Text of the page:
What only true fans know about Breaking Bad

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Breaking Bad is easily one of the greatest television shows of all time, if not a stellar piece of modern American art. It features Bryan Cranston giving a performance for the ages as Walter White, a sad-sack high school teacher who finds out he has cancer. Worried about what will happen to his family if he should die, Walt uses his chemistry skills, a beat-up RV, and the help of a ne’er-do-well former student to cook up the best (and bluest) meth in all of New Mexico.

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But hey, everybody knows the plot to Breaking Bad. That’s no secret. Of course, just like at the counter of Los Pollos Hermanos, there’s a whole lot going on behind the scenes of this award-winning show. And if you want to go from being a mere fan of the series to a hardcore Heisenberg, then it’s time to get cooking. From shocking character choices to the show’s lasting legacy, here’s the stuff that only true fans know about Breaking Bad.

A ton of networks passed on Breaking Bad

Once primarily a repository for old movies, AMC launched Mad Men in 2007 and Breaking Bad in 2008, positioning itself as a major “peak TV” player alongside the likes of TNT, HBO, and FX. Oddly enough, all those networks turned down Breaking Bad. “The two executives who I pitched it to were on the edge of their seat, they were loving it,” creator Vince Gilligan told the Television Academy Foundation about his TNT experience. At the end of his breathless description of the first episode, the suits “[looked] at each other, and they [said], ‘Oh, God, I wish we could buy this.'” Evidently, they were scared off by the fact that Walt cooks meth, so they “half-heartedly” asked Gilligan if he could make him “a counterfeiter instead. (No dice.)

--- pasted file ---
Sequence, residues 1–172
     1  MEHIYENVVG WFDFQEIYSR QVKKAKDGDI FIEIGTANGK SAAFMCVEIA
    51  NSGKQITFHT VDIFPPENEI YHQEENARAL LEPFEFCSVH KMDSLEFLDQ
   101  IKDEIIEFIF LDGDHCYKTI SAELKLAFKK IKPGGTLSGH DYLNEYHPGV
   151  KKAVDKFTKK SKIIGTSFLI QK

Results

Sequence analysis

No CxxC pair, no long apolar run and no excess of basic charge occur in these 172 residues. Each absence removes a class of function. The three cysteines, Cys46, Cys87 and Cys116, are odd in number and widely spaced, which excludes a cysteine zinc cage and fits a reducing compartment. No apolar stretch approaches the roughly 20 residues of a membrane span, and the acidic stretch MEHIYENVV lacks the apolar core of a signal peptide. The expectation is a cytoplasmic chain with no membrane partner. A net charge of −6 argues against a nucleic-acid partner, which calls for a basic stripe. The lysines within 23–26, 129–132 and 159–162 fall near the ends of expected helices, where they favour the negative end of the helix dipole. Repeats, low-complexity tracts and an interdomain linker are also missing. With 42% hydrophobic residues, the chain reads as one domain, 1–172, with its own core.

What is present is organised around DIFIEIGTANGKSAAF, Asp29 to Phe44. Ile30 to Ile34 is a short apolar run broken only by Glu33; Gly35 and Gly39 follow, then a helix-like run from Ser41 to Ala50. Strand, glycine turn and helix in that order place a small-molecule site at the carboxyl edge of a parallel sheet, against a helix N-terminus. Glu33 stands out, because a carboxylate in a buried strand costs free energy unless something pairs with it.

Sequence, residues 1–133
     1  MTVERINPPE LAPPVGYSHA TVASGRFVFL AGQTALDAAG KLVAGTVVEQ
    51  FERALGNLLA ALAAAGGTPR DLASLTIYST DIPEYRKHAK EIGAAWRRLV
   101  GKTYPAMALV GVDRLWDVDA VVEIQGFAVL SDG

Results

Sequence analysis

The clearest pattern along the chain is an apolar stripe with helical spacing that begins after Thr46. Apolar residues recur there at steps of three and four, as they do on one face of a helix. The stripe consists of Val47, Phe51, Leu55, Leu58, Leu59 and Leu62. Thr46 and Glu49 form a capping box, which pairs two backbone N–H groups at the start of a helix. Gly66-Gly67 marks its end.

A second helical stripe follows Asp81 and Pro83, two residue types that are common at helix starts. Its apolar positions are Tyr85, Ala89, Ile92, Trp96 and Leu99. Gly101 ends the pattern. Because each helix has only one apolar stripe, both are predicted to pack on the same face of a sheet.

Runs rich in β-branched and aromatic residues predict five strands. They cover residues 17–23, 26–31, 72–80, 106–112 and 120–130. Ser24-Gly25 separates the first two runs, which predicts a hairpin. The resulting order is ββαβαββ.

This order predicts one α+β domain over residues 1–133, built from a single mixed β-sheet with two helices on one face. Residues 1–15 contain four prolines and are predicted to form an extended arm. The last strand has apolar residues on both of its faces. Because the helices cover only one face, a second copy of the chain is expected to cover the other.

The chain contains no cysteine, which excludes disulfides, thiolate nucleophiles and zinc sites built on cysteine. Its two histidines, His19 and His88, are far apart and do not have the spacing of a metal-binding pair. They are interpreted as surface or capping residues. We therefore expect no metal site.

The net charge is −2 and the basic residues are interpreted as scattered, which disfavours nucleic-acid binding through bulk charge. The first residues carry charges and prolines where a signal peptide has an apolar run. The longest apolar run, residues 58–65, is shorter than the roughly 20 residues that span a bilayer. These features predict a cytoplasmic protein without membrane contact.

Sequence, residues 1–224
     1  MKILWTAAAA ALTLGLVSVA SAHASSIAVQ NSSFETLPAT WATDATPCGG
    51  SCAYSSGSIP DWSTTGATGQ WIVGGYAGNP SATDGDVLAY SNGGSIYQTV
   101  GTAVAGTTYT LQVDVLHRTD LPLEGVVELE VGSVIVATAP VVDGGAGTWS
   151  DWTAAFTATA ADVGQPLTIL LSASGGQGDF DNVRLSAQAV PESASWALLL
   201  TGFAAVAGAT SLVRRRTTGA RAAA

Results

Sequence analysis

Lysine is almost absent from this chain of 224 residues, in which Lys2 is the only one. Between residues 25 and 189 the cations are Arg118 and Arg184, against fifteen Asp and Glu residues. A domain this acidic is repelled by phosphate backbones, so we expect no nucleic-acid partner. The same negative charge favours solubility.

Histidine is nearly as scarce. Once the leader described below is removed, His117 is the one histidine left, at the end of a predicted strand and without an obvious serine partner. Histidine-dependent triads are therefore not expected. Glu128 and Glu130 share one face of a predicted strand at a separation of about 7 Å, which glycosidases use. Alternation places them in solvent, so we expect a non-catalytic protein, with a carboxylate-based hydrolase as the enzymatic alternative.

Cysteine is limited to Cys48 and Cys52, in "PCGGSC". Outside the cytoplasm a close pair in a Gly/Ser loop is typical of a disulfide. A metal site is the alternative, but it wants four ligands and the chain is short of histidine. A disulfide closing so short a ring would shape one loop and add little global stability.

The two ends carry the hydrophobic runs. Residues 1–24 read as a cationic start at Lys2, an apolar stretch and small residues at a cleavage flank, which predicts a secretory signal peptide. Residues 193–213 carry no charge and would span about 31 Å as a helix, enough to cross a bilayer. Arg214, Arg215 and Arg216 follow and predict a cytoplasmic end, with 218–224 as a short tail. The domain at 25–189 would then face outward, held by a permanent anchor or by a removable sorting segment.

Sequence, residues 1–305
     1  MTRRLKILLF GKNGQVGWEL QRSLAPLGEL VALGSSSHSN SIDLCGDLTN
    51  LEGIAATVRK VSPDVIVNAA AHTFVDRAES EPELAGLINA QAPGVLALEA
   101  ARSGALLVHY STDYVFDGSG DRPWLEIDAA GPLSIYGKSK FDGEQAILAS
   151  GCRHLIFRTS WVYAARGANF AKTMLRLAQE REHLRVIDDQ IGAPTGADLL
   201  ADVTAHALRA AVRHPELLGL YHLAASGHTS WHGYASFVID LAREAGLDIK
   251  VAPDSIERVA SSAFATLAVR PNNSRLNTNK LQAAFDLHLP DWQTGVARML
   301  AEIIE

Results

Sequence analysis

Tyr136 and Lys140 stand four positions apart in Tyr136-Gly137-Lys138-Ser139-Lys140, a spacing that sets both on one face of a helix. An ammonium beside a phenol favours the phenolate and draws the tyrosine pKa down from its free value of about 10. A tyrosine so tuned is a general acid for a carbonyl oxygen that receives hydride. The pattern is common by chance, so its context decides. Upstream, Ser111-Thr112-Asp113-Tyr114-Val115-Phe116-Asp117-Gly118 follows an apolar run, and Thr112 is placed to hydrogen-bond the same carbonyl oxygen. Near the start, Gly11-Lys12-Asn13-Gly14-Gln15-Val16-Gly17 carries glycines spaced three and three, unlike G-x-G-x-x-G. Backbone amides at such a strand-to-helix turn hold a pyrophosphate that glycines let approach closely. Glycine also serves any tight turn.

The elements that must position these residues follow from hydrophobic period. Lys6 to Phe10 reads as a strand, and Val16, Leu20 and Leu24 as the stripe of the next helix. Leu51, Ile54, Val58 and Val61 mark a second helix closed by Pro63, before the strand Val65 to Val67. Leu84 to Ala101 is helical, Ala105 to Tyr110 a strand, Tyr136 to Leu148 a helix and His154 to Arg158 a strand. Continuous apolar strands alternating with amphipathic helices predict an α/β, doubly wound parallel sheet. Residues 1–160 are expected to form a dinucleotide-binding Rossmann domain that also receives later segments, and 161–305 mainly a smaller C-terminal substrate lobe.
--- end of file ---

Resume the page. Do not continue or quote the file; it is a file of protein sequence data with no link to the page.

While Gilligan says the HBO executive he met with “could not have been less interested,” FX actually bought the series, only to reverse course. “We had three dramas with male antiheroes,” FX president John Landgraf told KCRW’s The Business, referring to mid-2000s hits The Shield, Rescue Me, and Nip/Tuck. “The question was, are we defining FX as the male anti hero network, and is that a big enough tent?” According to E! Online, FX decided to branch out and greenlit the Courtney Cox drama Dirt, instead. After all these rejections, things were looking bad for the show. “It was dead as a hammer,” Breaking Bad creator Vince Gilligan told The Hollywood Reporter. As a last resort, his agent sent it to AMC, which was looking to expand its original programming slate. And the rest, as they say, is history.

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